Nations photograph each other under treaty
AVIANO AIR BASE, Italy – Not too long ago, the notion of the U.S. military announcing an intention to fly over a specific part of Russia and take thousands of pictures would have led to increased tensions, at the very least.
But that’s what 25 American servicemembers did recently, with counterparts from the Czech Republic – and the Russian military – on board.
The flight, scheduled to focus on environs around Moscow, was part of the Open Skies treaty, a pact signed in 1992 that includes 34 countries who were allies or adversaries during the Cold War.
“Every week of the year almost, countries are flying over countries as part of the treaty,” said Marine Maj. Keith Oki, deputy mission commander for the latest U.S. flight over Russia. He and some other crew members are assigned to the Defense Threat Reduction Agency. Others came along from the 45th Reconnaissance Squadron at Offutt Air Force Base, Neb.
The OC-135B that stopped in Aviano recently looked more like something used to convey U.S. diplomats around, with “The United States of America” in large letters across a white surface. “Open Skies” is painted on the tail. Inside, it looks more like a military aircraft, though the technology is, surprisingly, not the latest available.
The three cameras on board use wet film and aren’t capable of capturing images in minute detail, especially from 20,000 to 35,000 feet.
“This is vintage 1960s technology that we’re using here,” Air Force Master Sgt. Chad Duffield, one of several linguists fluent in Russian, said with a smile during a tour.
Oki said pictures are good enough to help verify some treaties, though.
“You can tell a tank from a school bus,” he said. “You might be able to fly over a base and see that they have 150 tanks, but you can’t tell what model they are or what modifications may have been made on them.”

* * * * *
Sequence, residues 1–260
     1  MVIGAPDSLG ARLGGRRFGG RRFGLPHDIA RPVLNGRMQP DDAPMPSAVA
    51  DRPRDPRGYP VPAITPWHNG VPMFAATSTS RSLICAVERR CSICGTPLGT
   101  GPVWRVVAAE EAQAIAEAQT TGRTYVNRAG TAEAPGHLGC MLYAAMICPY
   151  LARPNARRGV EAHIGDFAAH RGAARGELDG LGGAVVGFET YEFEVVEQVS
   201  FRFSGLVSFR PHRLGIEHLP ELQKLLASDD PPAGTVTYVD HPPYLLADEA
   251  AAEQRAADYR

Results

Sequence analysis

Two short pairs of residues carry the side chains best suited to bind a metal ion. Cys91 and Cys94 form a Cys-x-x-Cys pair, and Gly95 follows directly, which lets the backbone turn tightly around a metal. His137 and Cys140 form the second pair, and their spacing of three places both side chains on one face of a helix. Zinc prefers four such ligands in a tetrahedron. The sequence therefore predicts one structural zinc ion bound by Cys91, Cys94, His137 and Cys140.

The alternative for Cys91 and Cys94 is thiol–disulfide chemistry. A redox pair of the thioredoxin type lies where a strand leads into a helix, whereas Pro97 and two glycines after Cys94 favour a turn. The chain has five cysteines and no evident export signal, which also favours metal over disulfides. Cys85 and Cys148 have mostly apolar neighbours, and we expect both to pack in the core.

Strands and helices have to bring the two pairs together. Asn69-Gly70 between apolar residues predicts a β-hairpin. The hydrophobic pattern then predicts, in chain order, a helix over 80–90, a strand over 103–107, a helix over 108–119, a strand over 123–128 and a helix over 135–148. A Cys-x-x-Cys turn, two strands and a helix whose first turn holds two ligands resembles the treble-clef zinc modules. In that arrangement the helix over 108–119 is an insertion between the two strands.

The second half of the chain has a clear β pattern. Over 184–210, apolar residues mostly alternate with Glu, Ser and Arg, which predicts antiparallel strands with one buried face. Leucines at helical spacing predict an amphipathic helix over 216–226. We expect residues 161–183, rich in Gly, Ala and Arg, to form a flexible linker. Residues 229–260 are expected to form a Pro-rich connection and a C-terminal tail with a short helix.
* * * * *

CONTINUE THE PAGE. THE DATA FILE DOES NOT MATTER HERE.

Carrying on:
The U.S. has other assets – such as satellites –that probably can gather much more intelligence, said Owen R. Cote Jr., associate director of the MIT Security Studies Program.
“In terms of material gains, (Open Skies aircraft) probably don’t gain a lot,” he said in a telephone interview. “It’s mostly symbolic. But being symbolic … I guess that’s really the whole point.”
The flights and the treaty are designed to increase trust between those participating, crewmembers said. There wasn’t a lot of trust between the U.S. and Soviet Union when President Dwight Eisenhower first proposed the idea in the 1950s, and it was rejected. But President George H.W. Bush found a more receptive atmosphere in 1992 when he suggested that not only the U.S. and Russia enter into the agreement, but other countries as well.
Oki said Russia flies over the most countries. Because countries are supposed to open all their territory, some unusual routes can occur. One Russian flight a few years ago went directly over the White House, Oki said, which U.S. aircraft are not authorized to do.
The U.S. has 16 missions scheduled in 2010 – all over Russia or former Soviet countries. Each time, the U.S. tells the host country where it wants to fly, lands in a host country airport and has the aircraft and its equipment inspected.
The signatories agreed on specifications for the cameras and other equipment and don’t use anything else. To make sure of that, members of the host country go along for the ride. The host country is provided with a copy of every frame taken during the flight.
A typical mission might produce anywhere from 2,000 to 3,500 frames. Any other signatory can also obtain copies, though they’re not available to the public, Oki said.
Crewmembers said countries are in the process of negotiating the potential use of digital cameras and newer technology. There’s also the possibility of including countries such as China or India.